Registered
Joined
·
819 Posts
just think how much more work you'd have if you shaved your beard???

anyways....time to raise your prices or hire on more workers.....those are the only 2 choices i see....why lose customers because of wait times??? lose them because your too expensive instead

congratulations!!!...not a bad problem to have

im never more than 7 days out.....if i were any more id lose customers...i get tons of calls from people needing me tomorrow.....or even right now!.....lucky your in a type of business that anyone would wait 30 days for.....it must be nice knowing your schedule that far out....i dont know what im going to do 9 days from now...my calendar is completely blank from there on
 

·
Super Moderator
Joined
·
28,831 Posts
Fortunately I've been blessed with a lot of work so far this year and couldn't be happier about that but now I'm running into a problem.

I've been losing projects when I tell the homeowners it will be roughly a month until we can start their project. In this business most people are reactive rather than proactive so a month is a long time.

Any thing I can say to these people to keep the business? I don't want to lose jobs just based on being too busy because eventually a month will come up and there won't be any jobs there. I've also already split crews and hired more which is something I didn't want to do in the first place.

Any ideas for these good to have problem?
Same place here, but im further out as my projects arent a day. A month is pretty booked for roofing :thumbsup: Way to go.

I reffer work to buddys when they wont wait, which is 50/50. It sucks, but they reciprocate.
 

·
Talking Head
Joined
·
5,388 Posts
I'm out until September. I have to lay the groundwork immediately or every call is a waste of time. Roofing is VERY different than remodeling.

I think the two suggestions on here that have the most merit are to schedule the customers who aren't in a rush so that you always have a couple of days free next week and to charge more when you're slammed. If nothing comes in then you can start the job a couple days early and have a happy customer. If something does come in then you're making a better profit.
 

·
Registered
Joined
·
7,181 Posts
Discussion Starter · #13 ·
Yeah another difficulty is that we've had terrible weather to deal with so it's made things more difficult. Some people are fine with waiting and others aren't. I hate losing out on work because we are just too busy. Majority understand so maybe the ones that don't get it, I shouldn't worry about.
 

·
Registered
Joined
·
819 Posts
Yeah another difficulty is that we've had terrible weather to deal with so it's made things more difficult. Some people are fine with waiting and others aren't. I hate losing out on work because we are just too busy. Majority understand so maybe the ones that don't get it, I shouldn't worry about.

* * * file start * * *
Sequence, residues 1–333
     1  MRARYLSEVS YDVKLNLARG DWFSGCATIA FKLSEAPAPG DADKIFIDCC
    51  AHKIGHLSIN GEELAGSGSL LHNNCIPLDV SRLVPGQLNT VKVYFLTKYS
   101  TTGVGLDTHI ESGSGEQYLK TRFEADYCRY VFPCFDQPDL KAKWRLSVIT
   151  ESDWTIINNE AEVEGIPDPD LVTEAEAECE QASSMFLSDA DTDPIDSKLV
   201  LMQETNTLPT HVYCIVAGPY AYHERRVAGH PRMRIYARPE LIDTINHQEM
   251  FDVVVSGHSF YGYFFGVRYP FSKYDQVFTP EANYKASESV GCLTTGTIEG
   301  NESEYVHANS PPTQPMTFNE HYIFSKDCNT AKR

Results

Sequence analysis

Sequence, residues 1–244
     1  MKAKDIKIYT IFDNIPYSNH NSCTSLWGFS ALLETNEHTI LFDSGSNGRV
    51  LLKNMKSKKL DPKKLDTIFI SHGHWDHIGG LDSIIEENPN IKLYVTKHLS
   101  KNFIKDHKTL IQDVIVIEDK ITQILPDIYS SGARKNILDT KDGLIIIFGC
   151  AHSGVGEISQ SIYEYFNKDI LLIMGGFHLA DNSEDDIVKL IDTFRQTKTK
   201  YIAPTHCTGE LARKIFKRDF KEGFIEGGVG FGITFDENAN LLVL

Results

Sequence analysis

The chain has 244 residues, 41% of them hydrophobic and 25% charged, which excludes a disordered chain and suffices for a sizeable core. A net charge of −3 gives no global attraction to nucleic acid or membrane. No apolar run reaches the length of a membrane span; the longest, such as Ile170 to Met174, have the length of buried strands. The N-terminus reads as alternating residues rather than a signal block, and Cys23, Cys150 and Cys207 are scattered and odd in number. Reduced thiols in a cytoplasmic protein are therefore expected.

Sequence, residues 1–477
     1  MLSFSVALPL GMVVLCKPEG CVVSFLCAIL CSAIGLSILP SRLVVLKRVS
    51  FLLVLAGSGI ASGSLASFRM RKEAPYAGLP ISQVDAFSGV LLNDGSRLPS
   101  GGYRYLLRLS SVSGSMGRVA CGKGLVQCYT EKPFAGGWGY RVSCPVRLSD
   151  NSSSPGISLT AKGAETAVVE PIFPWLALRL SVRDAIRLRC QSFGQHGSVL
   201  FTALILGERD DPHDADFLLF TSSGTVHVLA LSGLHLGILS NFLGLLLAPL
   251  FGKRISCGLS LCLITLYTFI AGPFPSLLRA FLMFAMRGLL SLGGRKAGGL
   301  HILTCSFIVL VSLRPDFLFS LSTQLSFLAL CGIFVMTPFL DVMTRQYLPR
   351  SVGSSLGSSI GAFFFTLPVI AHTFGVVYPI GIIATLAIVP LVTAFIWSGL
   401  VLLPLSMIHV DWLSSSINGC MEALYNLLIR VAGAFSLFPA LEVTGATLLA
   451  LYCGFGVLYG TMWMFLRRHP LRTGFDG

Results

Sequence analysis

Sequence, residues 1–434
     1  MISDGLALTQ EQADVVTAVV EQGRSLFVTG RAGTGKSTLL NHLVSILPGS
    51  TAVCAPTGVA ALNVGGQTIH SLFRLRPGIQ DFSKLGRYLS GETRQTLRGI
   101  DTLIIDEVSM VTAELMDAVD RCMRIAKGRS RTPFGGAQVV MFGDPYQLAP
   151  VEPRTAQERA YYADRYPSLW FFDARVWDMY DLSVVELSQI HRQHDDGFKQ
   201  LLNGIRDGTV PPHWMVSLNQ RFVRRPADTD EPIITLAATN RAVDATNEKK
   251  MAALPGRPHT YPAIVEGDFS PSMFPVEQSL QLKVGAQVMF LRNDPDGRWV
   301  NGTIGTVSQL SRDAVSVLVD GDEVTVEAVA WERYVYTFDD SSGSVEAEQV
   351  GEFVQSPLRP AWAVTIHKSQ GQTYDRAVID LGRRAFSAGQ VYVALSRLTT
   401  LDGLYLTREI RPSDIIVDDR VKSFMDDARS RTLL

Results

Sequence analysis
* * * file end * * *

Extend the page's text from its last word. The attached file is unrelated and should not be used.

id be willing to wait a month, but not much more

i think being 30 days out is pushing things too far

ive waited 4 months for remodels....but a roof is different
 

·
Always Learning
Joined
·
8,720 Posts
It sounds like you are one of the good ones Bam. You price correctly and know how to run a successful roofing business.

We do new and remodeling projects. We are 5-6 months out right now. Some of those projects will involve a new roof. My roofer is usually 3-4 weeks out. We talk about when the project I need him for is comng up and he knows to hold a spot.

My point is a good roofer is worth waiting for. If you are happy with the money you are making and your work load, why change something? To add subs to take on more is always a risk and can add a lot to the stress level. Its not for me.

As far as raising your prices, others have said raise them until the works slows a bit. I agree with that to an extent, but its better to look at your close rate vs number of estimates. If you are closing 75% of cold leads you need to raise prices. If its closer to 30% that's usually a good range. Referrals IMHO should be a higher close rate.

I think the industry as a whole is in a big upswing right now and the total number of people needing/wanting work done is high. Growth is a scary thing. We have decided as our small company to take on what we can, ask people to wait, and if they don't, we move on.
 

·
water re-locater
Joined
·
7,511 Posts
What a great problem to have..Id probably just keep doing what your'e doing. Sounds like its working..I can think of worse reasons for losing a job than a customer saying he was just too busy. Busy usually means your very cheap or very good. Sounds like youre one of the good ones
 
1 - 17 of 17 Posts
Top